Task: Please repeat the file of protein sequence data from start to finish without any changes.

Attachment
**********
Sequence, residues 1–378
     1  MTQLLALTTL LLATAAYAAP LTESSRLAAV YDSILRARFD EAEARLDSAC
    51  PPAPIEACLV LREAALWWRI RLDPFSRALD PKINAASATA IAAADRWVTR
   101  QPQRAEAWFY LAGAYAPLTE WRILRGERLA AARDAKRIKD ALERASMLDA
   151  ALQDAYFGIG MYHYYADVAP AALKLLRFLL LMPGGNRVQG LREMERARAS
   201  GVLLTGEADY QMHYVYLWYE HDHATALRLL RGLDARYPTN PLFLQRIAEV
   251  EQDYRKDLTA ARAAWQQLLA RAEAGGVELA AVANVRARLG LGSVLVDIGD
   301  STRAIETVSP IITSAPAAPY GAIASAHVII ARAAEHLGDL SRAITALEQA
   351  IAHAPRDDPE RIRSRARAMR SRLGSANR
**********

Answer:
Sequence, residues 1–378
     1  MTQLLALTTL LLATAAYAAP LTESSRLAAV YDSILRARFD EAEARLDSAC
    51  PPAPIEACLV LREAALWWRI RLDPFSRALD PKINAASATA IAAADRWVTR
   101  QPQRAEAWFY LAGAYAPLTE WRILRGERLA AARDAKRIKD ALERASMLDA
   151  ALQDAYFGIG MYHYYADVAP AALKLLRFLL LMPGGNRVQG LREMERARAS
   201  GVLLTGEADY QMHYVYLWYE HDHATALRLL RGLDARYPTN PLFLQRIAEV
   251  EQDYRKDLTA ARAAWQQLLA RAEAGGVELA AVANVRARLG LGSVLVDIGD
   301  STRAIETVSP IITSAPAAPY GAIASAHVII ARAAEHLGDL SRAITALEQA
   351  IAHAPRDDPE RIRSRARAMR SRLGSANR